"It doesn't matter, Jim. What matters is... how am I gonna put this? Jim, you are my best friend. I love you more than anything, anyone. You are the most important person in my life, and being with you is the most important thing in my life." He saw how Jim's gaze changed as he spoke. Smiling, then quiet, then gazing at him with a goofy smile -- happy delirium -- lurking in the corners of his mouth. "I think you need to understand just what you mean to me. *That's* what Jon told me. What I need to tell you."

"And what's that?" The grin was tugging harder, now. How Jim controlled it, Blair didn't know.

Blair picked up Jim's hand, and held it. "I am always going to be here. Whether I'm in the same room, or halfway across the world, I am going to be here, with you. Because this... *you* are where my heart is. I will always return to you, because I can't live without you." He paused, to gently kiss the fingers he held. "Jim, will you let me stay with you, forever? Live with you and love you and guide you when you need me, but most of all, will you let me be a part of you for the rest of your life?"

Jim just stared at him. Blair could see his jaw clenching, throat muscles moving as he took in what he'd just heard. "Blair, are you asking me to marry you?"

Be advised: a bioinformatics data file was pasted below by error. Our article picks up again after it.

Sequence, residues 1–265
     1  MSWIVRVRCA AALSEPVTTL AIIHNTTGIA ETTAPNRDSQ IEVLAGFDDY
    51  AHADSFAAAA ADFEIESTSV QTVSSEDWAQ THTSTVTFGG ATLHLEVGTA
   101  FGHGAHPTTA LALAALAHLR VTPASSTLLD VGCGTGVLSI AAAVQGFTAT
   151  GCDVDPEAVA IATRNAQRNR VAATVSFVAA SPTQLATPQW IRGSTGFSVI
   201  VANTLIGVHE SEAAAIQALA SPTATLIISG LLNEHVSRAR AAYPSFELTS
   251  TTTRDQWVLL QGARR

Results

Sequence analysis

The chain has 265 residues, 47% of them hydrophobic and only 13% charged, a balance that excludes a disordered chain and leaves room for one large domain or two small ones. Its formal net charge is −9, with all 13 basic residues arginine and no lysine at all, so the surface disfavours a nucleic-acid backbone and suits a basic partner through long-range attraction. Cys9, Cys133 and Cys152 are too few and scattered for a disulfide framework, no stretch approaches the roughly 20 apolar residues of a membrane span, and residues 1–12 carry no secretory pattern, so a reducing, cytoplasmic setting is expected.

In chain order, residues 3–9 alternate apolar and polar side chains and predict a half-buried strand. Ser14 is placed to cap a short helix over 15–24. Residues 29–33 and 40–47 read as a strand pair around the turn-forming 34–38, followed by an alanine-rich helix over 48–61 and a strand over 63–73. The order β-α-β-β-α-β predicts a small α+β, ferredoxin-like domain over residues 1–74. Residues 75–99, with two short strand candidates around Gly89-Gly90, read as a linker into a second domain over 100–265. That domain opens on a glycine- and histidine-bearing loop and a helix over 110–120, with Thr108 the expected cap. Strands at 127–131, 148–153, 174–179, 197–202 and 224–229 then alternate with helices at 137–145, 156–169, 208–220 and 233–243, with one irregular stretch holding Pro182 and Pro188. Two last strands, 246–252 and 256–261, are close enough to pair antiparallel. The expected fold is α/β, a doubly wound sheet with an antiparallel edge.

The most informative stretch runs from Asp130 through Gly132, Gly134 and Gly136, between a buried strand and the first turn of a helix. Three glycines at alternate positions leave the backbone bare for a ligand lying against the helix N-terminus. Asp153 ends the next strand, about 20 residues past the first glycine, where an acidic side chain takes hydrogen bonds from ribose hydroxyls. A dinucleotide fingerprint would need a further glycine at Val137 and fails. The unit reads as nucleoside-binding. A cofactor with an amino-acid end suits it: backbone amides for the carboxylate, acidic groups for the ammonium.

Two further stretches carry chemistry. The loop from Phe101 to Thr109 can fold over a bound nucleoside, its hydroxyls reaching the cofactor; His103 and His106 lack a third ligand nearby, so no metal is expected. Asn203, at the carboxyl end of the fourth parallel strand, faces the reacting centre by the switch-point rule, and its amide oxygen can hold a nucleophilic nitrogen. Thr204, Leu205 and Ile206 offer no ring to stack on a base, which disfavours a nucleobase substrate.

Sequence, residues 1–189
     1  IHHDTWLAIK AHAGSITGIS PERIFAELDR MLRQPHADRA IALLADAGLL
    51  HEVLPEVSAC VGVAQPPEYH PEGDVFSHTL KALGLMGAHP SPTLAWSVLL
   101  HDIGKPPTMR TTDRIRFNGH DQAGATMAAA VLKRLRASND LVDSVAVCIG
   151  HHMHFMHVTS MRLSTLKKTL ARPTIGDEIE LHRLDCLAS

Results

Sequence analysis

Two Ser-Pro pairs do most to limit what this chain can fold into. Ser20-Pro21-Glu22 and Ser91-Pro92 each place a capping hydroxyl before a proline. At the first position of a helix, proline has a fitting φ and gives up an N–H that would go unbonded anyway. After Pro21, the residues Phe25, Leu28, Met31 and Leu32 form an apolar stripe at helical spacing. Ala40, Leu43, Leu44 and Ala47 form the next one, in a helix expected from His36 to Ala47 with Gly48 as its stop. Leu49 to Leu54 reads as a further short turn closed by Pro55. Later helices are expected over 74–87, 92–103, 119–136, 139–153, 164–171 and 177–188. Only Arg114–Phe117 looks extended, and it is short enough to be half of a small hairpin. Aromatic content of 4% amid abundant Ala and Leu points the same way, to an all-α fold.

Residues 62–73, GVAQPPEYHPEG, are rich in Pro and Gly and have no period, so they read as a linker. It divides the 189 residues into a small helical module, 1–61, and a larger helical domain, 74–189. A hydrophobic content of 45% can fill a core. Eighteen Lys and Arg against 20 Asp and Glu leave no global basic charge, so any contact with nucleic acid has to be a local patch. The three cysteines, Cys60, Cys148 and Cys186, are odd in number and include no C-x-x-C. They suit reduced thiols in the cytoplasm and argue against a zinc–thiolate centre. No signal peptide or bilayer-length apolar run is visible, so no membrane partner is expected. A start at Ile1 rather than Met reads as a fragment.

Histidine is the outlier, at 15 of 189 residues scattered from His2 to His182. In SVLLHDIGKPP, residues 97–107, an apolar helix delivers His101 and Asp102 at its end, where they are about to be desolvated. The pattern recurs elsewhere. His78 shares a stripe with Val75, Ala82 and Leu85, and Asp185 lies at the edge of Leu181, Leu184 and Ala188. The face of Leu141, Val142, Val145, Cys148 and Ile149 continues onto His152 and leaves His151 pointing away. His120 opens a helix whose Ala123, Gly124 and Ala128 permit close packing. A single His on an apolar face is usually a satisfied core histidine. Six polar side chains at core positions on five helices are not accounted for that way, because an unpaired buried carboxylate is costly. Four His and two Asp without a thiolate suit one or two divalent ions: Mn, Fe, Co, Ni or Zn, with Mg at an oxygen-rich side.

"No. I'm asking for something much more important." Blair answered the light question seriously. He wasn't sure he could explain what he wanted -- writing up a partnership contract was nothing like what he felt inside. "I'm asking for... a place, right here. For always." He placed his hand on Jim's chest, right beside the beating of his heart.

Jim didn't move. Moments passed, as they looked at each other, Blair slowly carressing Jim's hand, waiting for an answer. Then Jim leaned forward and kissed him.

"I love you. You'll always have a place, here. Forever. Always..." Jim stopped, and shook his head, rubbing his thumb along the inside of Blair's hand, where Blair was holding his.

Blair suddenly smiled. "Thank you." He knew it was sometimes hard for his lover to verbalise what he meant; the caress was as much an acceptance as the words had been. Not only an acceptance, Blair realised, but an invitation. "Do you wanna celebrate?"

"Always." Jim took his face tenderly, and kissed him again.

Ten minutes later Blair found himself being propelled towards the bathroom. "Jim! What *now*?"

"You're shaving."